That being said, recently a colleague of mine (Dr. Ben Stevens) wrote an extremely well thought-out series of articles based on his experience with Crossfit. Dr. Stevens himself is not actually a "Crossfitter" per se, but he works closely with a couple of the local facilities and will sometimes train out of them (if you want to read his posts, which I strongly encourage, start here). He asked for thoughts from a wide variety of individuals, and I was flattered to be included in the group.
I didn't want to write a quick (and possibly glib) response, and decided to read the three articles in their entirety first. Then, a number of other items came across my metaphorical "desk" that seemed to be worth consideration in regard to my response as well - one was what I'll call "The Crossfit Study" for lack of an expeditious title (you can see the abstract here), and a review of Crossfit from an academic standpoint on one of my favorite podcasts, "The Strength of Evidence" (look for them on Facebook).
I will lead off my thoughts after reading/listening to the above with the following disclaimers:
- I am going to be uncharacteristically serious - please note the above picture to see how serious I'm being.
- I am going to do my very best to be sincere, unbiased and gracious - if I come across as inflammatory, sarcastic or like a douchebag, it is truly by accident.
- I am not writing this to get into a fight with anyone - if you've had success with Crossfit and swear by it, all the power to you. If you're offended by all things Crossfit, I'm not looking to make you a fan. This is simply a collection of my thoughts after some recent, careful reflection of a few articles.
Firstly, the community they've created, the hype and the marketing they've managed to elicit, are extraordinary. Getting away from machine-based, isolation movements and back to the raw, simple strength and conditioning is a good thing, as is the move towards achievement as opposed to aesthetics. Finally, as the study (albeit a small one) and the anecdotes show - it seems to work.
The issues arise with the method itself, in my eyes, rather than the results. As Dr. Stevens points out in his second article - there are a lot of things that are staples in the Crossfit "programming" that are, put nicely, ill-advised. Some of the exercises are never good (high pulls, overhead swings and ballistically repetitive box jumps), some are not good in an escalating density-type format or fatigued state (Olympic lifts), and some are only good/useful/appropriate with a very small segment of well-trained individuals (handstand push-ups). Also, while I appreciate variety for the sake of enjoyment as well as creating a broad range of skills - if there isn't some degree of repetitive, quality practice and periodization, then the sticking at certain plateaus that individuals reach (which will be different for everyone) are inescapable. Finally, as both the study above shows in a(n admittedly) small segment, but which anecdote (and innumerable YouTube videos) demonstrate as well - I personally find the injury rate to be unacceptably high (and for the sake of this post, I use the term "injury" to refer to both acute as well as chronic/overtraining injury).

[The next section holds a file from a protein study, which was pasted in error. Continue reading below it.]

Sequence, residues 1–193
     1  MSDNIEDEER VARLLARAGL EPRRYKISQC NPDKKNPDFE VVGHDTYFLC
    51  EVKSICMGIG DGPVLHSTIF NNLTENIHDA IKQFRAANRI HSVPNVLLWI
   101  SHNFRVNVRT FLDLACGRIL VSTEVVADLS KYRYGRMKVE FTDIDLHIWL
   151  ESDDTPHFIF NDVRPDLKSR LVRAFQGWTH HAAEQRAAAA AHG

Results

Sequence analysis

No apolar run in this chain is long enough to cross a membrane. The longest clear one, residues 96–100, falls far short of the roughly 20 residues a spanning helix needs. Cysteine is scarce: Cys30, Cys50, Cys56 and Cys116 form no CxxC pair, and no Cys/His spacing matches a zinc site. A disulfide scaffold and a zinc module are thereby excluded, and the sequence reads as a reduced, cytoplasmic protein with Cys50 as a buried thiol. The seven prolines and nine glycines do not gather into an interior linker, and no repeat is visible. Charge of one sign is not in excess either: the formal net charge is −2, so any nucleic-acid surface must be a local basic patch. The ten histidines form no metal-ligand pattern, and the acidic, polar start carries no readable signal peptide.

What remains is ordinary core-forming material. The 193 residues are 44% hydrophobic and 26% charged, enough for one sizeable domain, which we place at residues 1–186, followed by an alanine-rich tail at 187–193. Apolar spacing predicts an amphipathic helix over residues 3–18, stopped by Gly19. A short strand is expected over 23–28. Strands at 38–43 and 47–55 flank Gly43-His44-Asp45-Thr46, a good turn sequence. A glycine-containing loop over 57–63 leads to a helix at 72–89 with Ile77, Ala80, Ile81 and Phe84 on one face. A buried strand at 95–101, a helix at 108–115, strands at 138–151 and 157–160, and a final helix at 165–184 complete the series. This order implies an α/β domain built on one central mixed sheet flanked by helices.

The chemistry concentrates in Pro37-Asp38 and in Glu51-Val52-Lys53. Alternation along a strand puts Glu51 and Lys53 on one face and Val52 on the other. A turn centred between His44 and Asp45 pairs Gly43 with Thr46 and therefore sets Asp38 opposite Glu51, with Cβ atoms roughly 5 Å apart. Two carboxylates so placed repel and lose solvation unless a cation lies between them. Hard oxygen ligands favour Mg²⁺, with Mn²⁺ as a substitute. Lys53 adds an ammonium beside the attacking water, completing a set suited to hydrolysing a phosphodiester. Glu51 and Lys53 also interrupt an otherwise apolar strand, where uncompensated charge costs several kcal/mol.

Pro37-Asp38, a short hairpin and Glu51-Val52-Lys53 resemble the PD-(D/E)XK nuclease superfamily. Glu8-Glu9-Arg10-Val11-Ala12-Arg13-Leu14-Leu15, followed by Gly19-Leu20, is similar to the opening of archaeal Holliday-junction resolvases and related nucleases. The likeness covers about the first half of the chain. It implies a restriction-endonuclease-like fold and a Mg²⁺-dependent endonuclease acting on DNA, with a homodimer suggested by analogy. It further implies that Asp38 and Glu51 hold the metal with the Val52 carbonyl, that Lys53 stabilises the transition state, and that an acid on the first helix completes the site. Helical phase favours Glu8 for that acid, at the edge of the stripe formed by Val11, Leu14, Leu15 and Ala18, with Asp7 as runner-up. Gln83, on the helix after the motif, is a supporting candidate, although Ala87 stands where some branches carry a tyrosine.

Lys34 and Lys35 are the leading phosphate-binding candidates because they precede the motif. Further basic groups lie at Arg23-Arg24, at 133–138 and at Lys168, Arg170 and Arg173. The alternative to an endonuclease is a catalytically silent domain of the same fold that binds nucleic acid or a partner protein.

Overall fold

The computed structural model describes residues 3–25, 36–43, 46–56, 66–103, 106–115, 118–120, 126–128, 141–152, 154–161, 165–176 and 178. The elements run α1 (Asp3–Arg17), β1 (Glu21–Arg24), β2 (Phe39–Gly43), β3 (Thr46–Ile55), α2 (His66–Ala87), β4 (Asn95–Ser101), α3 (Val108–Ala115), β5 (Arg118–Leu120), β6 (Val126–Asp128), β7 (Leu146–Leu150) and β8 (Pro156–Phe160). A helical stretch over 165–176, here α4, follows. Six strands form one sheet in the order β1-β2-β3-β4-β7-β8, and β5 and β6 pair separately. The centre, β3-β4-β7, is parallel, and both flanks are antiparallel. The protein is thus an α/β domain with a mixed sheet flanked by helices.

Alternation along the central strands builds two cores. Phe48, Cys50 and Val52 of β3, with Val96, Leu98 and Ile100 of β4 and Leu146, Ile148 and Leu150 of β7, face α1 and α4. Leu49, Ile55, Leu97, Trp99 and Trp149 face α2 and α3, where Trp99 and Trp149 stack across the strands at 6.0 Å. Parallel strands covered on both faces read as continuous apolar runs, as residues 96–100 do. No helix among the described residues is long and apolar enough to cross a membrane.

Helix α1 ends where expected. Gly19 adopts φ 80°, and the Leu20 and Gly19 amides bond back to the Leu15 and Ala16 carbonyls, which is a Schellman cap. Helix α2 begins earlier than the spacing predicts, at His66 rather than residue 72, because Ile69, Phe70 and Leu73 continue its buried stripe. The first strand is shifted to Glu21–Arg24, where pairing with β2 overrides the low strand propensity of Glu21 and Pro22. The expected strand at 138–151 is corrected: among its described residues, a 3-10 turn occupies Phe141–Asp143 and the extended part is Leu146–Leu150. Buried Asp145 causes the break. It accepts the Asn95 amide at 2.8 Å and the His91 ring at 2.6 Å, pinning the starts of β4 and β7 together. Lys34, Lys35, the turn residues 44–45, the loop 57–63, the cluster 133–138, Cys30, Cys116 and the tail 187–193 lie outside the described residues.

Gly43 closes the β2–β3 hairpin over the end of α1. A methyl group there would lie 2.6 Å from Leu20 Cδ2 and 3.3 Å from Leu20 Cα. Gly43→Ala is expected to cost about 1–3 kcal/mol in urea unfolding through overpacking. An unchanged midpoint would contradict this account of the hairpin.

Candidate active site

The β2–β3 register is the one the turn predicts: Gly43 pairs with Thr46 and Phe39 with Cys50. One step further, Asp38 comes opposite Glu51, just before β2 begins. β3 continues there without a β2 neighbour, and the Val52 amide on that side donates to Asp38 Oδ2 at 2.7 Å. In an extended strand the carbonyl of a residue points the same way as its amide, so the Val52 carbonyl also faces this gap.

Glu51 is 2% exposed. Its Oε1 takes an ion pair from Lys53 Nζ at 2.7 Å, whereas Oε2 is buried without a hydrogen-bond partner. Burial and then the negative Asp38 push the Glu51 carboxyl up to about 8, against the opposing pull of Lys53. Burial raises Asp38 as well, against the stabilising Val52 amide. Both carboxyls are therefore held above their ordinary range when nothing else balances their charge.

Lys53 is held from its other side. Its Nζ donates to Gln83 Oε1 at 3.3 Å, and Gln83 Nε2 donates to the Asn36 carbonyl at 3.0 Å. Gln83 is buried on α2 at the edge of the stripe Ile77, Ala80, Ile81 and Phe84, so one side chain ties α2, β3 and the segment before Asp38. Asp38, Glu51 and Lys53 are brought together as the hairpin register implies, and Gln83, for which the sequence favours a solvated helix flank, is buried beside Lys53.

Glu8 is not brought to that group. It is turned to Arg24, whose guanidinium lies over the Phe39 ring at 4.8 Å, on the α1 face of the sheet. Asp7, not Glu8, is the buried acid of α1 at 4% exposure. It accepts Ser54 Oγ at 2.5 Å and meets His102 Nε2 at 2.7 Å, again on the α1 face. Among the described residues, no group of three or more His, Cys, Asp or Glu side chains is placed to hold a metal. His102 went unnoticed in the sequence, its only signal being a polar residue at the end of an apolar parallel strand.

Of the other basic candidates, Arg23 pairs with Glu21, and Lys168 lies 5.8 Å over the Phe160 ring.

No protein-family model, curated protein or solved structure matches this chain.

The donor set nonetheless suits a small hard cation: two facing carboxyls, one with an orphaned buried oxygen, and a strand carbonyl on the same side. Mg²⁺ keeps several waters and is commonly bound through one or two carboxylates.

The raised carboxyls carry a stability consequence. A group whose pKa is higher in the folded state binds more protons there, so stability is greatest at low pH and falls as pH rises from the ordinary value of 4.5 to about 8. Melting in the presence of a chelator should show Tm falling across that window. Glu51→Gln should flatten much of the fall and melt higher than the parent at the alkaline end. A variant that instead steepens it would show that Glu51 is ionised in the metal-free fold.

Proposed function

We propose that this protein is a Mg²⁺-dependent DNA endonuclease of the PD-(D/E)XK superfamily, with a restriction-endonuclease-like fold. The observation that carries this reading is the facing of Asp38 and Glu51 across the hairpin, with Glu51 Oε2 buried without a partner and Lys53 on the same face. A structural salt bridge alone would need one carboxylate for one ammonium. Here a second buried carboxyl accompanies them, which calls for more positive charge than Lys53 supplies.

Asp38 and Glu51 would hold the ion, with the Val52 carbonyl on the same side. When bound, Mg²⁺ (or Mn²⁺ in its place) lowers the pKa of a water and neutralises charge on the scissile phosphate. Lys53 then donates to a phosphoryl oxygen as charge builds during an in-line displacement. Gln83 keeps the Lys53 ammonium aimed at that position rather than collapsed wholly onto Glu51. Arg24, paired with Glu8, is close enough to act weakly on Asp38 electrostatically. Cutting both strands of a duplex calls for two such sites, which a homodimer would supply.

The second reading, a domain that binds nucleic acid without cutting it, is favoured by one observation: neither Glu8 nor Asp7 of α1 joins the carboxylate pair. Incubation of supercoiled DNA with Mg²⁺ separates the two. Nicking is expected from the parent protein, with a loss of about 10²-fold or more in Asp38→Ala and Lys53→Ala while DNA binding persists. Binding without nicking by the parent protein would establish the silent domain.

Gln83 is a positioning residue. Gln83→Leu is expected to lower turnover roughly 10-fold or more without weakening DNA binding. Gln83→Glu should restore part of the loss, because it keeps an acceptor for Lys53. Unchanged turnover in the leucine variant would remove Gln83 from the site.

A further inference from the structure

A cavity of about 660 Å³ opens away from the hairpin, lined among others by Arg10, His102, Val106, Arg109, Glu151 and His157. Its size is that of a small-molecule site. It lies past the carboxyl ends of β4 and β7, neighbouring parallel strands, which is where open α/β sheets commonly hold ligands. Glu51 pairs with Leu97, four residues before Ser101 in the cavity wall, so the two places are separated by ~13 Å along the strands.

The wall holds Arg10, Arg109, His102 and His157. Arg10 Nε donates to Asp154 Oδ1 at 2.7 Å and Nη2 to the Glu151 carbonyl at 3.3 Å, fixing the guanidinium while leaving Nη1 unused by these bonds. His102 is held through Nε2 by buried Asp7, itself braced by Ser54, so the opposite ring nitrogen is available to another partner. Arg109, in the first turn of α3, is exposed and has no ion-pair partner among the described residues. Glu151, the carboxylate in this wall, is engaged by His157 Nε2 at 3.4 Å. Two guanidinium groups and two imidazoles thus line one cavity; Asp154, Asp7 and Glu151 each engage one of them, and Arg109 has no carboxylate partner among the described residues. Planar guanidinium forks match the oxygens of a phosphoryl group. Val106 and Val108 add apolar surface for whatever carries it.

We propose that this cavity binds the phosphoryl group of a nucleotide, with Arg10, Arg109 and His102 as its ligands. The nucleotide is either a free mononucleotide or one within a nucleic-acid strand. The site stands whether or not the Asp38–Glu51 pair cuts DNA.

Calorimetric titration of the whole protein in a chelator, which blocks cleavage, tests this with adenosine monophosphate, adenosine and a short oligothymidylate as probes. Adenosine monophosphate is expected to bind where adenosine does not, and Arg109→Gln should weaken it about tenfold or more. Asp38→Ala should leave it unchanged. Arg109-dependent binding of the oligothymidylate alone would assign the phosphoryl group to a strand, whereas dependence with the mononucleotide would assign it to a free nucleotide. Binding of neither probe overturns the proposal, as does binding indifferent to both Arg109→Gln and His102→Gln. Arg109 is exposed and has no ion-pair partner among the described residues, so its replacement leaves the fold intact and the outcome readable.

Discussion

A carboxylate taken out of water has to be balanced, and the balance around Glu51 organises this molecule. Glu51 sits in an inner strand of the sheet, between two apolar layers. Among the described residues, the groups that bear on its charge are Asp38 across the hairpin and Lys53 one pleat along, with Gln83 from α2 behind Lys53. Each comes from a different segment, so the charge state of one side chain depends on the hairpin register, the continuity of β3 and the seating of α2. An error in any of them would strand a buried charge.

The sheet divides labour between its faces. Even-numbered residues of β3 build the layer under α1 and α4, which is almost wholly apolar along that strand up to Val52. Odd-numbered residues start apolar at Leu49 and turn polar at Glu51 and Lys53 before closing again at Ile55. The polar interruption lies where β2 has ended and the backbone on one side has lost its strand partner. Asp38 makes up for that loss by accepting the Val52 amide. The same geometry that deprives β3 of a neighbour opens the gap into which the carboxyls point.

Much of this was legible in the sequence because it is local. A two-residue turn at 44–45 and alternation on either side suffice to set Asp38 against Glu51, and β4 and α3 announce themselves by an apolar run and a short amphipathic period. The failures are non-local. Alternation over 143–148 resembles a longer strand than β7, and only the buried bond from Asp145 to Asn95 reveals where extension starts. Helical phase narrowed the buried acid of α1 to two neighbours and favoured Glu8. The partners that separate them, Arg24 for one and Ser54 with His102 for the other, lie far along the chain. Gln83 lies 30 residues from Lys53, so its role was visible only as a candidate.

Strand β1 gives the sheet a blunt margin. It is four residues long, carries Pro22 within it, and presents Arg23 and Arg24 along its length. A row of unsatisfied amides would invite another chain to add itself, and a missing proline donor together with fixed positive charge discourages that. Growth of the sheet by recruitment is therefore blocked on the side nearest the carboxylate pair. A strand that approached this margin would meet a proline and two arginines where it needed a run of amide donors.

Dr. Stevens finished off his series by making suggestions to improve the Crossfit program; and one of the most common defenses of Crossfit's participants is that "we don't do x or y at our box, and the instructors adjust/modify/periodize/scale everything for each individual". To which I ask: if you remove and/or change all of the items listed above and those suggested by Dr. Stevens, then what, exactly, are you left with that differentiates Crossfit from any other high quality strength and conditioning facility or high intensity circuit training?
As I said before, this is a general summation of my takeaways from various reviews, articles and analyses of the Crossfit phenomenon, and hardly in-depth. My suggestion is, if you take issue with anything I've said above, simply read the references I've listed and consider your opinion again. I'm not saying it will change your mind, nor will arguing on a blog post back and forth change mine.
In the end, whether you take up running, cycling, mixed-martial arts, Crossfit, powerlifting, Kettlebells or even Zumba - what matters is that you are being guided and coached responsibly, that you are getting results, and that you are having fun.
In the words of Astar, the robot - "Play safe."
Smith, MM, AJ Sommer, BE Starkoff, and ST Devor. "Crossfit-based High Intensity Power Training Improves Maximal Aerobic Fitness and Body Composition." Journal of Strength and Conditioning Research (Epub Ahead of Print)
Stevens, Ben, Dr. "The CrossFit Chronicles." Valeo Health Clinic. Valeo Health Clinic, 11 Mar. 2013. Web.